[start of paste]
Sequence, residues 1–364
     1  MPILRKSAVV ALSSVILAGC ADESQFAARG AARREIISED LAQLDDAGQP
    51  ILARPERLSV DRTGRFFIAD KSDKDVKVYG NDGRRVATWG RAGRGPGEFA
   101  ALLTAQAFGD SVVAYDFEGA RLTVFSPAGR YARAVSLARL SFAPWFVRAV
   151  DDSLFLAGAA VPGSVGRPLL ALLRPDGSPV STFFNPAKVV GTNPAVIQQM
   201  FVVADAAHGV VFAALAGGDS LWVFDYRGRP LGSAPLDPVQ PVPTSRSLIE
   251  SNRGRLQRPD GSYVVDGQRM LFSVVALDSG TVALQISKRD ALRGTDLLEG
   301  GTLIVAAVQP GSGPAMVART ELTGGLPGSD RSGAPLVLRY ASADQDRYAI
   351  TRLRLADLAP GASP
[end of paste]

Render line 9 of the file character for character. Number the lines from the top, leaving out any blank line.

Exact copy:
   351  TRLRLADLAP GASP